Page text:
When we arrived in town, the bus driver took us to the drop off point and we unloaded from the bus. I looked at the driver and asked, “what do you think I should do about this?” He told me not to worry about it, he said he would go ahead to immigration and ask them what to do. I waited there, at this little bus shack in the tiny town on the edge of Brazil that I knew nothing about. I wondered how many more hours I’d be in Guyana. When the driver returned, he waved his hand nonchalantly in the air. “Don’t worry about it. They said no police officer has the right to deport you.”
And that was that. I spent the next two days in Lethem and then nervously boarded the bus again, wondering if I’d have any trouble on the way back through the country. Each time we got to a check point, I would nervously walk toward the buildings, but I kept finding myself walking back to the bus without any issues. When we reached the checkpoint with the man who had threatened to deport me, his partner was the one to look at my visa. I purposely pulled my hat low over my face and then turned my face away from both agents as I waited for the bus to depart. I felt like I had dodged a huge bullet. Perhaps he had recognized me but assumed I had already been dealt with. Either way, I’m just thankful to have survived the trip. Fifteen hours later, when the path opened up into paved road and I knew there would be no more checkpoints, I felt like I had won the lottery.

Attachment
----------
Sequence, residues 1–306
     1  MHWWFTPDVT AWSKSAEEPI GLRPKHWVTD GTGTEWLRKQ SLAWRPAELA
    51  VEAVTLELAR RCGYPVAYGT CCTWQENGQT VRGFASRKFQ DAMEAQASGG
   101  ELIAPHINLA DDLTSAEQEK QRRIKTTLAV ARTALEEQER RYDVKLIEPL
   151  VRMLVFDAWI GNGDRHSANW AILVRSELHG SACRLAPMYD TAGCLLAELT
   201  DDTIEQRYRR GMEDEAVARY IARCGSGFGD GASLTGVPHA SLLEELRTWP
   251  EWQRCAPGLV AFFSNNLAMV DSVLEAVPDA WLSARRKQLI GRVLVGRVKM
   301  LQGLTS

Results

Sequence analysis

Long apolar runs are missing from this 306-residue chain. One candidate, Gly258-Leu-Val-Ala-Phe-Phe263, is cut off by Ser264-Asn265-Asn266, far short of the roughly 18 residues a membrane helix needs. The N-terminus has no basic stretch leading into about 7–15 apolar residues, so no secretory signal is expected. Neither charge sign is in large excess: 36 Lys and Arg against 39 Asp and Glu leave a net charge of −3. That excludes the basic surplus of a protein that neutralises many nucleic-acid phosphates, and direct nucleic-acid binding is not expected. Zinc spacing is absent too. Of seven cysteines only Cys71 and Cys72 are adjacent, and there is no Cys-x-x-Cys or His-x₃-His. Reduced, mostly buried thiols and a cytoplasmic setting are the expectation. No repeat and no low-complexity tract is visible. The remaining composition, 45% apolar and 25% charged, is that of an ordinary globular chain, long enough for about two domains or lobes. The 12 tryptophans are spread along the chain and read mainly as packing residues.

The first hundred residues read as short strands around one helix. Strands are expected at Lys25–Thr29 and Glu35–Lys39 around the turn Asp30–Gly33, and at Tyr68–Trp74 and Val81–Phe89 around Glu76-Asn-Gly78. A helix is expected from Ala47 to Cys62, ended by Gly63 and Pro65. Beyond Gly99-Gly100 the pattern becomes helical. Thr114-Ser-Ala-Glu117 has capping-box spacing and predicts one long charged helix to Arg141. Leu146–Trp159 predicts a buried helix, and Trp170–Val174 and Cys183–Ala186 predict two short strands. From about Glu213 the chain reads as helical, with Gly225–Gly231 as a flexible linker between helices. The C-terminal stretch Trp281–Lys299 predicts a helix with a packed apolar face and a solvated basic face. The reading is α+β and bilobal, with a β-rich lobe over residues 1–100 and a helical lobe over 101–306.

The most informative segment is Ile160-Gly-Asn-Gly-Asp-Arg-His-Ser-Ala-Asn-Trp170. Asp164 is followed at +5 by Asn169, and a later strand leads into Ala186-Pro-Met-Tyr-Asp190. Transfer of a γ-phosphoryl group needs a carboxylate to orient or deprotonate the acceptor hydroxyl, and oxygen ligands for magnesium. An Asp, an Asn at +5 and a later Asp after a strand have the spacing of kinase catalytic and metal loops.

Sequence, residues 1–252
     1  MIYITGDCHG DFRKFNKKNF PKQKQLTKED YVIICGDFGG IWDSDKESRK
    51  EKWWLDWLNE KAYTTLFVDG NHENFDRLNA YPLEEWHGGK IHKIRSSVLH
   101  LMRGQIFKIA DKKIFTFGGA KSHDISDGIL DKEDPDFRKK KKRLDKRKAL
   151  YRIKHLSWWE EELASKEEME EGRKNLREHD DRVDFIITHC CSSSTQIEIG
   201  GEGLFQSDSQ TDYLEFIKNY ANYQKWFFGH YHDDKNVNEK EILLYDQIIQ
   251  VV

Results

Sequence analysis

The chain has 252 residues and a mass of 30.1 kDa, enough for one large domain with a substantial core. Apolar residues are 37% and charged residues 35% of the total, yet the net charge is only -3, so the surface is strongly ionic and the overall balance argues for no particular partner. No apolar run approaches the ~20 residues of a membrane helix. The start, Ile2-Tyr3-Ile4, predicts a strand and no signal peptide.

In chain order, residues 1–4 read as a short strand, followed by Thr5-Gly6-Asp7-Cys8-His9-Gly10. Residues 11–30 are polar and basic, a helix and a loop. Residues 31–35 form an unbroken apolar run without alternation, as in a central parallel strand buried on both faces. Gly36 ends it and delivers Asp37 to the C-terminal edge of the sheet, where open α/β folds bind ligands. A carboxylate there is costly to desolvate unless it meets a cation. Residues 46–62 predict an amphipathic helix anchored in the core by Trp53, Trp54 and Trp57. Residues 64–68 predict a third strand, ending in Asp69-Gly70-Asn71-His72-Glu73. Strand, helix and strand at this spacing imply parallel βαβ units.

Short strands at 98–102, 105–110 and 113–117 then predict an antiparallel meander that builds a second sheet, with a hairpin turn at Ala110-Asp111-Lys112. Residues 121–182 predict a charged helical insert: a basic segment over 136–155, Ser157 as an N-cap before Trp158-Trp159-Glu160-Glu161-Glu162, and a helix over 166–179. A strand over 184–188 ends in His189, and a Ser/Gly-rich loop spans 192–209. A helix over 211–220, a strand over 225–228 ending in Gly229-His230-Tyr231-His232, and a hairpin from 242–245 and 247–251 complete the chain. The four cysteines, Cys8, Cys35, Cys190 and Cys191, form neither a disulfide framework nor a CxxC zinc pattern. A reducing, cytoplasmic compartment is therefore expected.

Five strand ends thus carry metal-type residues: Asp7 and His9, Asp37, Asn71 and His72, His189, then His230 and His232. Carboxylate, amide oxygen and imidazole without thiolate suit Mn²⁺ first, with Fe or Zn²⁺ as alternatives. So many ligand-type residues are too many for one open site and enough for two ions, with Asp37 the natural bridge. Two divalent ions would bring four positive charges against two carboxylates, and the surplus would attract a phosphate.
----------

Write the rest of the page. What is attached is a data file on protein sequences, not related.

Two weeks later, the paperwork for my visa went through. I’ve been in Guyana ever since, and I’ve appreciated it so, so much more. This fiasco really shined some light on how badly I wanted to continue to be here, how much I really love my Guyanese existence and what I’m doing here.
Reason this blog entry didn’t see the light of day until now: some things are just so, so frustrating to relive.